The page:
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Sophie Grégoire-Trudeau attends the state dinner at the White House March 10, 2016. (Pool/Getty Images)
Sophie Grégoire-Trudeau attends the state dinner at the White House March 10, 2016. (Pool/Getty Images)

Why we should care what Sophie Grégoire-Trudeau is wearing Add to ...

“It’s just a dress. Who cares what she’s wearing?” Oh, commenters.

Everyday Icon, Kate Betts’s 2011 history of first lady fashion and politics in the context of Michelle Obama’s much-covered style was also something of a general defence of fashion. She challenges what she says is a particularly North American ambivalence: the long-time abnegation of interest in clothes, especially among professional women, because of the supposed mutual exclusivity of sartorial flair and seriousness of purpose. “You can work for shoes and bags or you can work for world peace,” Betts observes, wryly. “But not both.”

Decoding clothing choices, especially in the political arena, has practically become its own beat. In the absence of meaningful access, wonks and observers dissect everything – the meaning of menu items Hillary Clinton chooses when she ducks incognito into a Chipotle, as she did last year, or how the Democratic candidate has taken a page from the Queen and wears bold single-colour ensembles to stand out in a crowd, then uses that fact to be self-deprecating, beating the press to pantsuit punchlines. When Clinton joined Instagram, her first photo was a rack of pantsuits in red, white and blue captioned coyly: “Hard choices.” Even former U.S. secretary of state Madeleine Albright used various lapel pins to explicitly telegraph political mood.

Admittedly, the wardrobe parsing of women in power and of female political spouses pretends to be about meaning and subtext, but is more often a pretext to devolve into snarky snap-judgment fashion policing.

There’s little of that with the interest in Sophie Grégoire-Trudeau and the state visit – in the honeymoon phase of the new government in power, it’s just a sense of elation at seeing Canadian designers and brands on the world stage. “The current government is embracing positive messages, and that extends to decisions about the kind of clothes they wear and image they wish to portray about this country,” says Canadian Apparel Federation executive director Bob Kirke. “Her husband is making a conscious effort to be visible in the way that the previous prime minister did not, and given the fact that he’s visible it’s particularly important that she takes it as an opportunity. That’s a great thing. And when is the last time [Canadian fashion] had this level of priority?”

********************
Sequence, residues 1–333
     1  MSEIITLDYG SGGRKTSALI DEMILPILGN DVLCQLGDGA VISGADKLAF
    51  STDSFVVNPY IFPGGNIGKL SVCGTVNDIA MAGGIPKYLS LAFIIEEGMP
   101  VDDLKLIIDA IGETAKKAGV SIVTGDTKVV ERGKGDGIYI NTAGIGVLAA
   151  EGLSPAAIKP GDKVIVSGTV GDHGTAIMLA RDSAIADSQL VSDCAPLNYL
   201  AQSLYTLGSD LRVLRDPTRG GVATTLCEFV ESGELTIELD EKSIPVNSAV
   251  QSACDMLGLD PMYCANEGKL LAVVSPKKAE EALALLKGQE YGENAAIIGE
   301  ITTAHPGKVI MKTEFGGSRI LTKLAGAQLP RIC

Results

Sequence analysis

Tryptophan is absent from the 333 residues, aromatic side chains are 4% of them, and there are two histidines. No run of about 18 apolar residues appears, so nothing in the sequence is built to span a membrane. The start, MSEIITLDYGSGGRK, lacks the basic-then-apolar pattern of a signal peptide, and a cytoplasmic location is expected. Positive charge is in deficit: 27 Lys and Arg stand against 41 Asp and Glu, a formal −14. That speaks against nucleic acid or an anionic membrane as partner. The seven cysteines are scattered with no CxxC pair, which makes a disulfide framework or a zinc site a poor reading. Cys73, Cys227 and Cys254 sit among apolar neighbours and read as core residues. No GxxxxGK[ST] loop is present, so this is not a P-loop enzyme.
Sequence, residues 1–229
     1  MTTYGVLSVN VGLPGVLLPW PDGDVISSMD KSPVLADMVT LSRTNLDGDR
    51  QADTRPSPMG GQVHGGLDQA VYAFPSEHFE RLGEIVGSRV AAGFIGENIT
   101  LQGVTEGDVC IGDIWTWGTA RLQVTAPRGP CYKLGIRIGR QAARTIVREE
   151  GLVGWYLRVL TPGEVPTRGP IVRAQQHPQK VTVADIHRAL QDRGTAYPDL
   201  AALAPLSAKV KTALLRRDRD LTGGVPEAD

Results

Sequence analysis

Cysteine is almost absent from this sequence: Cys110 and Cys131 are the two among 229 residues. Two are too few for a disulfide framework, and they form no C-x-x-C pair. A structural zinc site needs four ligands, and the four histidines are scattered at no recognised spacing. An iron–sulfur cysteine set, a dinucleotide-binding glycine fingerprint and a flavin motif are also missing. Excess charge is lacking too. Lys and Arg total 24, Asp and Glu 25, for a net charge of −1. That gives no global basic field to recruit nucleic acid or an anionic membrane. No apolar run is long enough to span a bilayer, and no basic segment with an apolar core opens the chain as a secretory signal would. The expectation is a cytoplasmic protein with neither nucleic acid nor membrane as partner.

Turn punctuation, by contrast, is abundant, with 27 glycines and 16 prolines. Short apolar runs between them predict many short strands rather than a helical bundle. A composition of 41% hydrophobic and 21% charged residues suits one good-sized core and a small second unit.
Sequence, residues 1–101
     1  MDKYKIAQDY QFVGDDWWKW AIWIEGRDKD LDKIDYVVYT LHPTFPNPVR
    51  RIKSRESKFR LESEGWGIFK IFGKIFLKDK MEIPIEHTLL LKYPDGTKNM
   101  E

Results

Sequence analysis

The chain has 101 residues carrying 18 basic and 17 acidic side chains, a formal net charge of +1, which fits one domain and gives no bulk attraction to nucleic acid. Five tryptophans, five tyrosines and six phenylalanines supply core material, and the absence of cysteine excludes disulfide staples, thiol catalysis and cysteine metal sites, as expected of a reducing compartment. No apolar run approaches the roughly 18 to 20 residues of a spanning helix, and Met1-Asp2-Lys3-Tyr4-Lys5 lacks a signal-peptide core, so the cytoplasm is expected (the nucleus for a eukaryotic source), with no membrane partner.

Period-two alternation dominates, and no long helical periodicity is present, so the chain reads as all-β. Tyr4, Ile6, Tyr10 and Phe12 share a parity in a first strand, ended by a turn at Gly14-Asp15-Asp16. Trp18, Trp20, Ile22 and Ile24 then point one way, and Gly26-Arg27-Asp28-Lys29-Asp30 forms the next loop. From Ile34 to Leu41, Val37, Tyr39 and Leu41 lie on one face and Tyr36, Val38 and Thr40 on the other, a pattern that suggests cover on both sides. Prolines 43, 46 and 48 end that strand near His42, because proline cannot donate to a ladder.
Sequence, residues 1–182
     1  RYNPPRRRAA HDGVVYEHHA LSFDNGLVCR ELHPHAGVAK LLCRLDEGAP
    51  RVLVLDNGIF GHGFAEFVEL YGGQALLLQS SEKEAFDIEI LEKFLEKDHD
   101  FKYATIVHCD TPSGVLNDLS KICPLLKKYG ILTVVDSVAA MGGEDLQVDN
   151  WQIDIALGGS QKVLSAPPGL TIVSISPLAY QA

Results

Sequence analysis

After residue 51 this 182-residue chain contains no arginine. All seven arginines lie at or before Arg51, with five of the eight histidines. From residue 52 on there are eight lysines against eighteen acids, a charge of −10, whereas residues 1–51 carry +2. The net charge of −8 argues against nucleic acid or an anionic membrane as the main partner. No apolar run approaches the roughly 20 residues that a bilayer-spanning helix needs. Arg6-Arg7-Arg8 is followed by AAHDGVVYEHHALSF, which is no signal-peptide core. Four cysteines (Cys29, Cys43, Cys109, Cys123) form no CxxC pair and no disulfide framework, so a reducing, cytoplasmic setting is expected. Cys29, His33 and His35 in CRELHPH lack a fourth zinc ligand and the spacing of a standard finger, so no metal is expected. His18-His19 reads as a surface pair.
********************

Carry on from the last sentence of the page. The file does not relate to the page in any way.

The tactic has certainly benefited the profile of American designers during U.S. first lady Michelle Obama’s White House residency, since among her other initiatives she also recognizes the interest in and importance of the U.S. fashion industry and the unprecedented platform her own visibility can offer, and so she dresses accordingly. Ms. Obama also hosted a fashion education workshop for students, with heavyweights like Anna Wintour and designers giving career advice on entrepreneurship and creativity. This, in 2014 at around the same time as the Council of Fashion Designers of America launched the Fashion Manufacturing Initiative, a $6-million (U.S.) public-private investment fund program that awards grants to local production facilities, to help revitalize New York’s garment industry.

It may be optimistic to expect the same runaway effect on the bottom line with the Canadian brands Grégoire-Trudeau chooses to wear on high-profile and official occasions. But those I’ve spoken with in the Canadian fashion industry since the election certainly hoped that Grégoire-Trudeau would be a similarly unofficial ambassador for brand Canada, a champion of interesting, established, independent and emerging talent. So far, so good.

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Justin and Sophie arrive at White House for state dinner (The Globe and Mail)

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